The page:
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Caregiver vacations

Family Caregivers Need Vacations Too

We talk about it all the time – the tremendous responsibilities that fall on family caregivers. Caring for an elderly parent can be emotionally and physically draining. And for primary caregivers, it is often a 24/7, 365-day-a-year job. Taking any kind of break – let alone a planned vacation – seems impossible. Then when you begin to think about all the planning and preparation that is involved, you wonder if it’s even worth doing.

The thought of taking time off from your caregiving duties also brings much worry. What if Mom falls? What if she forgets to take her medication? What if she needs to get to important doctor appointments?

These are all valid questions and concerns. However, family caregivers need vacations too. It is essential that you take some time off to rejuvenate and re-energize yourself, as well as attempt to avert caregiver burnout, stress, and even poor health.

With advanced preparation, family caregivers can take vacations too!

Plan ahead. Make your plans in advance, even if you are just going away for a long weekend. Give your elderly parent ample notice that you will be gone and for how long. You don’t want to surprise them.

Determine what kind of assistance your parent will need and who will help while you’re away. If your parent is somewhat independent and doesn’t require constant care, you might only need someone to check in on them during the day, prepare a few meals or provide transportation. A sibling, friend or neighbor might be able to step in and manage this while you’re gone.

If your parent needs more care and can’t be alone overnight, ask a relative – or several family members who can share the responsibilities – to stay with them overnight.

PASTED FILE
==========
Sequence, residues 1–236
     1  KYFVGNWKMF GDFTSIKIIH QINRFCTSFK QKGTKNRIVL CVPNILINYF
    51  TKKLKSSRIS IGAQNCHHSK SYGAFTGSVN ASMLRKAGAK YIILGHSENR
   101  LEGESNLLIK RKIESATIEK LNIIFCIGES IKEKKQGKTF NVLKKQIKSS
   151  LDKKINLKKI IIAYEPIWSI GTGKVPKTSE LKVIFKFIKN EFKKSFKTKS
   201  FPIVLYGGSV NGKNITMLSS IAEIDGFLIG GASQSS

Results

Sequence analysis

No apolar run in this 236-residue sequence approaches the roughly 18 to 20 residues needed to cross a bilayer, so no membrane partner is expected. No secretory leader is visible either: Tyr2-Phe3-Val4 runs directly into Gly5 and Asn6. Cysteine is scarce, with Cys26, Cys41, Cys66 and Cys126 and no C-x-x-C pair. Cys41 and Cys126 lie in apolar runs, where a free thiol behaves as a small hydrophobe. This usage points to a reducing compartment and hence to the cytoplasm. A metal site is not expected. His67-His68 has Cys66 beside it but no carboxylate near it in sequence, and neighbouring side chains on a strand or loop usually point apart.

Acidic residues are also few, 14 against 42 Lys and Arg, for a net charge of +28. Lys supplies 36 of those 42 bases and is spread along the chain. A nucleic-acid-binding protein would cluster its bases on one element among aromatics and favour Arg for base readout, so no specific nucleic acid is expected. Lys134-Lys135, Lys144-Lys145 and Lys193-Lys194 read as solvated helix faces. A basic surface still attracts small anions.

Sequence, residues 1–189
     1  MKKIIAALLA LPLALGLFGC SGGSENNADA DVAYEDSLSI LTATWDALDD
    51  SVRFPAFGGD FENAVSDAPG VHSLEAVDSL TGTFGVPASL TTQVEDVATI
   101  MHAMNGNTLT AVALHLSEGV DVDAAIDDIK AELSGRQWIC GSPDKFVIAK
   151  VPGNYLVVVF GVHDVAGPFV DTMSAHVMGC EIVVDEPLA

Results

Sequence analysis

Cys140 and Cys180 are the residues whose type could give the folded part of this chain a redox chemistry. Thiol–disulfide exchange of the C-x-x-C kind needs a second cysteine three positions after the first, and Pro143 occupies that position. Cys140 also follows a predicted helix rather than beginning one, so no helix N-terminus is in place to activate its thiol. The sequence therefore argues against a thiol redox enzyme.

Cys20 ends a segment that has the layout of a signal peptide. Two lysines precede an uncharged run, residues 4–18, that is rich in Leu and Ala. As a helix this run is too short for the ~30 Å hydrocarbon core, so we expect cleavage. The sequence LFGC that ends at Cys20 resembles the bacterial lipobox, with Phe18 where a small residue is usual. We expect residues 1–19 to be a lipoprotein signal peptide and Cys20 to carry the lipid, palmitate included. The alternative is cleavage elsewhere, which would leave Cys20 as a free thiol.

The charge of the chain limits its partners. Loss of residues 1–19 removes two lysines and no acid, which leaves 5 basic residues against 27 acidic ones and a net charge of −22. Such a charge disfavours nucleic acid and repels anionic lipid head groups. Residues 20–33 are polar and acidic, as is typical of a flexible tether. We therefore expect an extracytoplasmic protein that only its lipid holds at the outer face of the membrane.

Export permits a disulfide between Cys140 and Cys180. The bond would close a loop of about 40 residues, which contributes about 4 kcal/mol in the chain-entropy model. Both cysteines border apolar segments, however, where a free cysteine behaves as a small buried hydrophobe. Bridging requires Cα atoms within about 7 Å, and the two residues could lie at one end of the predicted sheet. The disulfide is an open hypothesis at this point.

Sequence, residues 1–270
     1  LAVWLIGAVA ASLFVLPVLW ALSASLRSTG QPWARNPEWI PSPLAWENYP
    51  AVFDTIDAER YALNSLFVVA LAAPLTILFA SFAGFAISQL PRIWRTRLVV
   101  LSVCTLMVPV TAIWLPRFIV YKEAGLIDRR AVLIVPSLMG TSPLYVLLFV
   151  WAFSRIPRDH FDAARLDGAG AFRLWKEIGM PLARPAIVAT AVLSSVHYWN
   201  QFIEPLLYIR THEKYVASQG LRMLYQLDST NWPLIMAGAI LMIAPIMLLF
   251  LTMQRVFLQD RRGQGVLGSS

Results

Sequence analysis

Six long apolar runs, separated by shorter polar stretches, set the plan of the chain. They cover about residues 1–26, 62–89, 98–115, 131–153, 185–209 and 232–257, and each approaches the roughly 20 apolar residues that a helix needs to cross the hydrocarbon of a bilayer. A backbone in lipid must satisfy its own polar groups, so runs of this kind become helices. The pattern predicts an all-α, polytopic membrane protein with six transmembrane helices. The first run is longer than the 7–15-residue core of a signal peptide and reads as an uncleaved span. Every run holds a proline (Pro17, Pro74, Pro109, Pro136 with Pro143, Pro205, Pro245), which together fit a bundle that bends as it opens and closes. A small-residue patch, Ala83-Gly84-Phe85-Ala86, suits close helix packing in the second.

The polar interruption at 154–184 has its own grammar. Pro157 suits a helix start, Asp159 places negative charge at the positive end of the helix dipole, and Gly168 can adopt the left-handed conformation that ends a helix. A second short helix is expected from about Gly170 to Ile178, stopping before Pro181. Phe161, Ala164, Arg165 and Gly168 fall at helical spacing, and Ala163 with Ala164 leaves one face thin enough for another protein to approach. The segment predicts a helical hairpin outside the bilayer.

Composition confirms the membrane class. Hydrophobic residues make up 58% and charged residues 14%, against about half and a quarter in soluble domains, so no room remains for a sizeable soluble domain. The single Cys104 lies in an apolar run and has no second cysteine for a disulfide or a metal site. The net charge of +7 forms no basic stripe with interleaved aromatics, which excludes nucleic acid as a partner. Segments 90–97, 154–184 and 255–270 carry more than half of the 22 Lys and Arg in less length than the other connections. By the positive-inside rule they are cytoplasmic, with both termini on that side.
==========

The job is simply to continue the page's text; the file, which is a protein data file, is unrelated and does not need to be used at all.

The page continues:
Consider in-home care. Depending on what kind of care your parent needs, paid caregivers can assist with activities of daily living, such as bathing, dressing, mobility, meal preparation, light housekeeping or transportation. They are trained to provide constant quality care in a variety of situations.

In addition to Companion Care and Personal Care services, FirstLight also offers 24-hour home care by providing a selection of personal emergency response system (PERS) devices along with our secure, Web-based care monitoring tool called Client Care Access. Our in-home caregivers are available at any hour, and together with our technology, we provide round-the-clock peace of mind to clients and their families.

If you plan to hire a caregiver, be sure that he or she is a good match for your parent and his or her needs. Spend time allowing your loved one and the caregiver to get to know each other and become comfortable with one another. At FIrstLight, we know that we are caring for families in sometimes challenging situations. Our respite care services can offer much-needed time off.

Organize important information. Compile all important information into one folder or binder so that the person who is providing care has everything they need while you are away. This should include:

  • All possible emergency contacts
  • A list of your parent’s health care providers, including phone numbers and addresses
  • Your parent’s preferred hospital and their pharmacy
  • Their medical, dental and vision insurance cards
  • A list of all medications and the schedule in which they are to be taken.
  • Important documents, including power of attorney, living will, advance directives, and Do Not Resuscitate (DNR) orders.

Let go of the guilt. It’s natural to feel guilty about taking respite, and it’s normal to think that no one else could take care of your parent the way you can. Additionally, your loved one might not like the idea of you taking a vacation at all, which can make it even harder for you to get away.

But family caregivers need vacations. Taking a break from caregiving duties is a necessity, especially for your own health and well-being. And, getting the right help can provide the peace of mind you need. For winter vacation inspiration, check out this list of Best Places to Visit in January.

What are some tips you can offer when it comes to taking a vacation from family caregiving duties? Comment here or join the conversation on our Facebook page.

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